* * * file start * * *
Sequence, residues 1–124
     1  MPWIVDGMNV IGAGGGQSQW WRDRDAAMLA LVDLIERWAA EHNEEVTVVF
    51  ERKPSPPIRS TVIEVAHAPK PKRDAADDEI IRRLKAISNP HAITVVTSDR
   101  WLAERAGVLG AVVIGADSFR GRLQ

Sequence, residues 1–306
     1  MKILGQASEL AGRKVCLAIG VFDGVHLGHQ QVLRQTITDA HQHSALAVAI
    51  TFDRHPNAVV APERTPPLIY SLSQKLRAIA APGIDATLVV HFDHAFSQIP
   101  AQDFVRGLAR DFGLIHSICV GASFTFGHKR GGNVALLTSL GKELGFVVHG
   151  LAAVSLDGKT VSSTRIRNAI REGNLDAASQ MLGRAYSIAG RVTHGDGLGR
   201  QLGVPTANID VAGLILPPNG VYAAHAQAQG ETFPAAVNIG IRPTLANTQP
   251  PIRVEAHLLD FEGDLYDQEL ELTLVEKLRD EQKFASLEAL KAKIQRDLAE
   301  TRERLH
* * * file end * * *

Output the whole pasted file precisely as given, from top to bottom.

Sequence, residues 1–124
     1  MPWIVDGMNV IGAGGGQSQW WRDRDAAMLA LVDLIERWAA EHNEEVTVVF
    51  ERKPSPPIRS TVIEVAHAPK PKRDAADDEI IRRLKAISNP HAITVVTSDR
   101  WLAERAGVLG AVVIGADSFR GRLQ

Sequence, residues 1–306
     1  MKILGQASEL AGRKVCLAIG VFDGVHLGHQ QVLRQTITDA HQHSALAVAI
    51  TFDRHPNAVV APERTPPLIY SLSQKLRAIA APGIDATLVV HFDHAFSQIP
   101  AQDFVRGLAR DFGLIHSICV GASFTFGHKR GGNVALLTSL GKELGFVVHG
   151  LAAVSLDGKT VSSTRIRNAI REGNLDAASQ MLGRAYSIAG RVTHGDGLGR
   201  QLGVPTANID VAGLILPPNG VYAAHAQAQG ETFPAAVNIG IRPTLANTQP
   251  PIRVEAHLLD FEGDLYDQEL ELTLVEKLRD EQKFASLEAL KAKIQRDLAE
   301  TRERLH